Civil War center for manufacturing, supply and travel. Place of enrollment of several Confederate army units. Local industries supporting the war effort included 3 tanyards—sidelines of the beef slaughtering trade that helped feed troops and civilians. The tanyards made leather for soldiers' boots and shoes and for cavalry saddles, bridles and harness. On nearby rivers or ponds were 3 sawmills, one grist (corn meal) mill and a distillery. Foundries in the area were predecessors of the 20th century Lone Star Steel Company.
An "old" town before the Civil War. Founded about 1830 at a spring where Capt. London Daingerfield was killed by Indians. The square was laid off in 1841 when this was designated seat of justice for judicial county of Paschal. Courts continued to be held here, though Paschal was abolished in 1842.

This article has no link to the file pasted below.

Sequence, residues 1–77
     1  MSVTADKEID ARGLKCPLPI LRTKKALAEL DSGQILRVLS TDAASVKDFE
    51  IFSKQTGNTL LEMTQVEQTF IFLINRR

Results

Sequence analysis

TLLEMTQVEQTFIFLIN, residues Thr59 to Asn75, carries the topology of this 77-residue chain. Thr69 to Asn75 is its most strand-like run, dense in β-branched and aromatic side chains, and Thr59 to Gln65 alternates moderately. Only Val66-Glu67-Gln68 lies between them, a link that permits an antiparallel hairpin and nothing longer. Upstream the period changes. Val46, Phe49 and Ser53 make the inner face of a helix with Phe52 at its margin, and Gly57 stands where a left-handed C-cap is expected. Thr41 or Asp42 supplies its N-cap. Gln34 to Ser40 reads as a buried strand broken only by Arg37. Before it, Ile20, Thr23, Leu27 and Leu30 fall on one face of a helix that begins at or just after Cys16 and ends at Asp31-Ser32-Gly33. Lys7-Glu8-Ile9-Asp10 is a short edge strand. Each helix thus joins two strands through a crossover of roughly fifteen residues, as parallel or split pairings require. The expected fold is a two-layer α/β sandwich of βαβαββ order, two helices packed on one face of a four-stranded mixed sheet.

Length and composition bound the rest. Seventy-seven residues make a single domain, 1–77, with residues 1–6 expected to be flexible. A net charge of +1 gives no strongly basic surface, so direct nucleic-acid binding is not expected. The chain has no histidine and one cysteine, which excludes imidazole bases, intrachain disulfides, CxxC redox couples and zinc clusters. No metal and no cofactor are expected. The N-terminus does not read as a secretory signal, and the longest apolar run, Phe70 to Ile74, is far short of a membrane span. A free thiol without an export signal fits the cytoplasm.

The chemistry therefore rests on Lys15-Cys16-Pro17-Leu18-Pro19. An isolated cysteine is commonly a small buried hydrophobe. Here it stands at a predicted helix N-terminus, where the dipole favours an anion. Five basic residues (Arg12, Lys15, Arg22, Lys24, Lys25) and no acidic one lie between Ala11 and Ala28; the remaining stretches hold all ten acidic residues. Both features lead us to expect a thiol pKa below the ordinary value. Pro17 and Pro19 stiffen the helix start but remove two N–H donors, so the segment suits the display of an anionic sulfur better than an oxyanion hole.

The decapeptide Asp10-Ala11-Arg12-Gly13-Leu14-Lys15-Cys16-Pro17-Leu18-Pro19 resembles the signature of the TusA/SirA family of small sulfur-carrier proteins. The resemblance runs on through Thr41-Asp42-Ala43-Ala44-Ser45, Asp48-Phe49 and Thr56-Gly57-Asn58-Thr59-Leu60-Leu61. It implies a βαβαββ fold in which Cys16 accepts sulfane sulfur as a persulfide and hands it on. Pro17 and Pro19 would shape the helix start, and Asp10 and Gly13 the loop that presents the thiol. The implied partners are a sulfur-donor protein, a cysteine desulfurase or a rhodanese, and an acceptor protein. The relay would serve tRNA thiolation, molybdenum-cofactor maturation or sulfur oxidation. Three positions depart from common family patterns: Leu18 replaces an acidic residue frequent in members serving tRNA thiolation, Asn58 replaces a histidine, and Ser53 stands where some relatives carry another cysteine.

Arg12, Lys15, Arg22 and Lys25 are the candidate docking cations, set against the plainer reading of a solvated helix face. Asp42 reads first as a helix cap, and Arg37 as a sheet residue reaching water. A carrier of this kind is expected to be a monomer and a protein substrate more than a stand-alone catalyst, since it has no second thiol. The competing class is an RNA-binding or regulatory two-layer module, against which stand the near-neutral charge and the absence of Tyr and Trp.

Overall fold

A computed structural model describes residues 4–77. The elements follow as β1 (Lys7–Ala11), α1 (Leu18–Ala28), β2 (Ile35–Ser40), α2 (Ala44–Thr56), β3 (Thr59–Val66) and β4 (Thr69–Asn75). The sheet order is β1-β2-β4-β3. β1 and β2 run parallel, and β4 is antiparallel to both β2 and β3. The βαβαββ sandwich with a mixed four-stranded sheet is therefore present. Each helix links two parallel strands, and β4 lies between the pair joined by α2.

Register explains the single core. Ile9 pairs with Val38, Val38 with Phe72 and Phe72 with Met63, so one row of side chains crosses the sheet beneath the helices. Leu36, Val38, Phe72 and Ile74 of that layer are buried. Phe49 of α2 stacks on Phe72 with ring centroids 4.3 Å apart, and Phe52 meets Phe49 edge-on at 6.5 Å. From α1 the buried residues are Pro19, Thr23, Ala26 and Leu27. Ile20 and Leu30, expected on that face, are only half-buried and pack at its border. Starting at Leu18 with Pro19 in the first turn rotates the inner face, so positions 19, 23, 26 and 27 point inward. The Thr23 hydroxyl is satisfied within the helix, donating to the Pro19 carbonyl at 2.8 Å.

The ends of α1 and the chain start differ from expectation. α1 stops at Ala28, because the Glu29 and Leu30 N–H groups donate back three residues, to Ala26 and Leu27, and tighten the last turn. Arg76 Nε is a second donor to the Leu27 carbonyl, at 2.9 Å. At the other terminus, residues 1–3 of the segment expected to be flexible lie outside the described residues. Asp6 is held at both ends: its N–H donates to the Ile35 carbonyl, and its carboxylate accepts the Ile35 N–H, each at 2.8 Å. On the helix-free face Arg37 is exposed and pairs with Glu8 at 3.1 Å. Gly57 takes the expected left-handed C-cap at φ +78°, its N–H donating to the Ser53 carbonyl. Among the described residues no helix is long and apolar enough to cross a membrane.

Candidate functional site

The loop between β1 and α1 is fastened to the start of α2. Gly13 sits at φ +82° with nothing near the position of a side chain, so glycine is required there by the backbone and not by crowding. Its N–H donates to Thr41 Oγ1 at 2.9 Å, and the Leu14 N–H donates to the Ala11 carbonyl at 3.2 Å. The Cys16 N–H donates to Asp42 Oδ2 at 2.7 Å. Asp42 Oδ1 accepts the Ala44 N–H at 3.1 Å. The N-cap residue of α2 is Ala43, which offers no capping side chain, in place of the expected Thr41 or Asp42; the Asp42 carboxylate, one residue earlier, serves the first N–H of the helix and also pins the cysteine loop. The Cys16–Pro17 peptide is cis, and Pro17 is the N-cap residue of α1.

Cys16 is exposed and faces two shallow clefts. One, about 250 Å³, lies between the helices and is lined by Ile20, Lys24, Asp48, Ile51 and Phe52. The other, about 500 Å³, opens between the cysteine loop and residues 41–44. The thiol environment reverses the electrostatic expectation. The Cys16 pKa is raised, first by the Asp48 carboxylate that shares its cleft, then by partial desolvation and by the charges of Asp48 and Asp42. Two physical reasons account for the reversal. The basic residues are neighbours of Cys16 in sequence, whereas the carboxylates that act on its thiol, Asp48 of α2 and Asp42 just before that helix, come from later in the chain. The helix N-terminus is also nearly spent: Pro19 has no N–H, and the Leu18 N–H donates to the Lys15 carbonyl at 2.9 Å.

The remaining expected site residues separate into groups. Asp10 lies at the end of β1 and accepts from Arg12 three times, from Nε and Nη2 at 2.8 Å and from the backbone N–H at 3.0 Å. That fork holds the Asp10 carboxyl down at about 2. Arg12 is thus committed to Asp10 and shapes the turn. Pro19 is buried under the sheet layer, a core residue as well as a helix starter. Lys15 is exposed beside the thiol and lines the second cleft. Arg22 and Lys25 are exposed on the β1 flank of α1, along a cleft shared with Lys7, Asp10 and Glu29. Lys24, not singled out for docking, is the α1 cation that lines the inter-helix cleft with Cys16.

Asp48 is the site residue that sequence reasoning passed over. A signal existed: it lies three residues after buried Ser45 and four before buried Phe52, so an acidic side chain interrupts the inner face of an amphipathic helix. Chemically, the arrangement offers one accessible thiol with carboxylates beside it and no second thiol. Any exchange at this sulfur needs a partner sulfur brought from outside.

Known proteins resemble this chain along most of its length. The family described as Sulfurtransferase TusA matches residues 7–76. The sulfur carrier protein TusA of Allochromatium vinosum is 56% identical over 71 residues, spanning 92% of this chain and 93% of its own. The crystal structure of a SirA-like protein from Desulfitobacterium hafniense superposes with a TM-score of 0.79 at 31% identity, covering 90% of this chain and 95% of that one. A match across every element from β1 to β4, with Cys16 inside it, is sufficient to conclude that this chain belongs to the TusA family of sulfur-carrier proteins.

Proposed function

One noted 1842 trial was for a group that included Stephen Peters (one of the men who had platted the town square), accused of murdering Robert Potter. Potter, formerly secretary of the navy and one of the authors of the Constitution of the Republic of Texas, had been killed in the Regulator-Moderator Feud, a political power struggle in East Texas.